There are over two thousand varieties of apples grown in this country, though sadly we are more likely to recognise Golden Delicious from the United States, Granny Smiths, from Australia, or Gala and Braeburn, from New Zealand, than local varieties from our own region. Within our orchard at the Museum, you can sit on a picnic table and relax, surrounded by over forty native fruit varieties, including apple, pear and plum trees – many with strong connections to North Yorkshire.
Fruit display for Apple Day, taken by Angela Waites Photography
Overseen by Museum Manager at the time, Kevin Simms, they were planted in 2008 in direct response to orchards being placed on the Priority Habitats list the previous year. Children from nearby Gillamoor Church of England School assisted Kevin with some of the planting.
Throughout the process, Kevin and his team worked closely with award-winning plant nursery R. V. Roger of Pickering to select varieties which could grow on the site at their own pace, without the pressure for high yields caused by intensive fruit production. It means that the Museum Orchard provides a lovely opportunity for visitors to see rare and traditional varieties, but also increases biodiversity in the area, providing habitat for beetles, for example, and blossom for pollinating insects.
Hornsea Herring tree, a Yorkshire variety in the Museum Orchard
Fruit production has been an important part of life in Ryedale for centuries. Across the region, cottagers would often have relied on apples from the garden to pay their rents. It is clear from the 1856 Ordnance Survey that there were larger orchards in Ryedale villages such as Harome, Wombleton, Nawton and Beadlam, with rows of neat trees suggesting a high level of organisation. Husthwaite was another important orchard village and during the last decade over a thousand trees have been planted to restore this former heritage. At the end of the nineteenth century, both plums and apples from Ryedale were sent on the Friday night train to Whitby, where they arrived at 7am on Saturday morning, ready for the market.
The hardy Hunthouse at the Museum
One variety to look out for at the Museum is the small but hardy Hunthouse, closest in origin geographically and taking its name from Hunt House in nearby Goathland on the Moors. This fruit is of particular historical significance due to being selected to accompany explorer Captain James Cook on his voyages – the high vitamin content was hoped to keep scurvy at bay as he traversed the world. We would be delighted if Hunthouse became a household name again, along with: Green Balsam (‘The Farmer’s Wife’s Apple’), Ribston Pippin (‘The Glory of York’) and Hornsea Herring, just some of the specialist Yorkshire varieties.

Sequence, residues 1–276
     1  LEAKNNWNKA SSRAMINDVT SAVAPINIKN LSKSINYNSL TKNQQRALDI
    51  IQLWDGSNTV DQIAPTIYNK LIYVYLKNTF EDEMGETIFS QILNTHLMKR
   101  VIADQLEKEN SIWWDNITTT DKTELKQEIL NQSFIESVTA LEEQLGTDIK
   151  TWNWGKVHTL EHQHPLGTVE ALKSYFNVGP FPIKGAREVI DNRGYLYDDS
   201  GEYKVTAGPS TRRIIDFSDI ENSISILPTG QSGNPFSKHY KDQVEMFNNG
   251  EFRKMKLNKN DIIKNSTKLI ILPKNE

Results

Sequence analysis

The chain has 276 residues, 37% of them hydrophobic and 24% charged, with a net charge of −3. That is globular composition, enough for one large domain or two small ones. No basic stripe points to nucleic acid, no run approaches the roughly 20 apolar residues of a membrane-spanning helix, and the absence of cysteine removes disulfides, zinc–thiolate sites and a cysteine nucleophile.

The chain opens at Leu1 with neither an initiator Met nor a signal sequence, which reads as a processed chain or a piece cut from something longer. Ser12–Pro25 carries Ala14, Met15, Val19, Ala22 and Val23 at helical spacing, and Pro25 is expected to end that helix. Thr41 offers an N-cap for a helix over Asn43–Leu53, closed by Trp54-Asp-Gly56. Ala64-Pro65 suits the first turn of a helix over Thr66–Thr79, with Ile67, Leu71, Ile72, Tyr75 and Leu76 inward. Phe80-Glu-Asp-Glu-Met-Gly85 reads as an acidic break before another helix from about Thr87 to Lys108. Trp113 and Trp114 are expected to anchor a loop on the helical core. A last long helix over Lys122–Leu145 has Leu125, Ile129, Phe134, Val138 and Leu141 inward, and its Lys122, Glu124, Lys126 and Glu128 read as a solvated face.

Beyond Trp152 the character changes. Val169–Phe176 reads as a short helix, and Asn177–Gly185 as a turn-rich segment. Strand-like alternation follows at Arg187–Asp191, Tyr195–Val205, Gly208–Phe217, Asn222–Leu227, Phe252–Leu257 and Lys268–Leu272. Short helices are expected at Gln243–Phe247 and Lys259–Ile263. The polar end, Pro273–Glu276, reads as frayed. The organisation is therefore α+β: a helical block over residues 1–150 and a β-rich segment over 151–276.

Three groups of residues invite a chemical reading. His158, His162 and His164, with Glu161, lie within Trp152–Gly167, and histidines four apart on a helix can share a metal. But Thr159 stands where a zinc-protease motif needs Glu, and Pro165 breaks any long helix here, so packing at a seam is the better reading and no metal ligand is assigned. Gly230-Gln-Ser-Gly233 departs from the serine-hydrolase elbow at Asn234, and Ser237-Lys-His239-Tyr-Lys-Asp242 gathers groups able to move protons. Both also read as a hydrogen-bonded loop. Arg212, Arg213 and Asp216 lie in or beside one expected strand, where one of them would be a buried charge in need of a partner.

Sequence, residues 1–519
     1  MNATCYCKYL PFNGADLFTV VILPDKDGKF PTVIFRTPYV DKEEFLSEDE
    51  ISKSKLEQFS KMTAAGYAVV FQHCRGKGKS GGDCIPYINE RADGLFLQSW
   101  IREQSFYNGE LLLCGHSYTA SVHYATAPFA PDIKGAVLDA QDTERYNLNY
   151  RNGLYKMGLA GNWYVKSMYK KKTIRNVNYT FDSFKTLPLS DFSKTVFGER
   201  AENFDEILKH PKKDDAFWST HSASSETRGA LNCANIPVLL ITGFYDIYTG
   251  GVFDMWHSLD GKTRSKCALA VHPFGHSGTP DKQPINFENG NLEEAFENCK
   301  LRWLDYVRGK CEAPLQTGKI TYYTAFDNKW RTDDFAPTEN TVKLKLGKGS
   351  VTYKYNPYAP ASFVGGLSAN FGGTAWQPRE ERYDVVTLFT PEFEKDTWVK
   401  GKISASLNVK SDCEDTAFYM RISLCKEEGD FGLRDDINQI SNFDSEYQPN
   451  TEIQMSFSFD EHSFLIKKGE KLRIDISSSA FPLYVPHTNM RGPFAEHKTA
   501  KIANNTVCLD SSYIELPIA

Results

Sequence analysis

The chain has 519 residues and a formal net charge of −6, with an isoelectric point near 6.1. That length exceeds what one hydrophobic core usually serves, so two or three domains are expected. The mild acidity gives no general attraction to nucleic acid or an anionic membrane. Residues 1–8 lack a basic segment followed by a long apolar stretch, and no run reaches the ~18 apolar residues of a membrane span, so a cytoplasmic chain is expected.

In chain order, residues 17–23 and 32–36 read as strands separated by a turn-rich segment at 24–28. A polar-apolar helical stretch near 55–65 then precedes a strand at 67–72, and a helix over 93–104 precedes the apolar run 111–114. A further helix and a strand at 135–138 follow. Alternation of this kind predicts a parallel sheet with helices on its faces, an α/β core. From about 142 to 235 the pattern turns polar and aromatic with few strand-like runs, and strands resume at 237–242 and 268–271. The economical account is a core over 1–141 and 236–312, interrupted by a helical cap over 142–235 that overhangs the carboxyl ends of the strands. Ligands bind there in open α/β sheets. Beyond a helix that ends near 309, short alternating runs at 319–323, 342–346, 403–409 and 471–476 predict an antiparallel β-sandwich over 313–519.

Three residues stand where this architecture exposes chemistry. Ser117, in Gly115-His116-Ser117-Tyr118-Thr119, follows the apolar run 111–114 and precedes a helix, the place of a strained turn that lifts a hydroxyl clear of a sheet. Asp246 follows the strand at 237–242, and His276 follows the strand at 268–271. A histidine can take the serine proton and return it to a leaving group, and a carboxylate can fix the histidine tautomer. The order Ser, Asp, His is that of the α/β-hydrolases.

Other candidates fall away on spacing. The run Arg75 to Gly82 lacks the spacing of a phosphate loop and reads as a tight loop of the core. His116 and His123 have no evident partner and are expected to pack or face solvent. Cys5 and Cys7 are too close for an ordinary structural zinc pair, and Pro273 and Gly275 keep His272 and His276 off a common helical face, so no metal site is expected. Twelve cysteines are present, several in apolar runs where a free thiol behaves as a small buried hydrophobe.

Picnicking at the Museum today, taken by Angela Waites Photography
In another part of the Museum, outside the potting shed, there is also a large stone slab, an example of part of a rare Verjuice or Verjus Press – Verjuice being the name for the very acidic crab-apple juice. It was used frequently for culinary purposes throughout the middle ages, in recipes where we would tend to use vinegar or lemon juice today. The fruits were pressed with a beam, with the juice running off through a channel carved into the stone.
Inside the Potting Shed
Traditionally, an unfortunate village parson could also expect to be ‘crabbed’ – be pelted with crab apples – on the Saint’s Day for his village church. (For anyone thinking of renewing this tradition, Hutton-le-Hole church is dedicated to St Chad, whose feast day is celebrated on 2 March.)
Beyond the Museum Orchard, the Allotment Garden is located on the left. The fruits and vegetables within are grown by dedicated volunteers; a rather lovely raspberry patch is a reminder of Ryedale’s long history of trading soft fruits. Historically, different villages had their own specialisms. Thornton-le-Dale supplied raspberries via the railway to jam factories such as Hartley’s in Aintree; Snainton produced mainly redcurrants; and Marton and Normanby provided gooseberries.
Fruit has also been used in folk medicine for centuries. Apples are now known to help lower cholesterol, but cherries were also a traditional remedy for both whooping cough and kidney stones. Oil from plum stones was also used to treat sore throats and earache. Our Witch’s Hovel, constructed in the spring of 1968, represents the type of building where the local healer or ‘wise woman’ might have resided.
All photos by Angela Waites Photography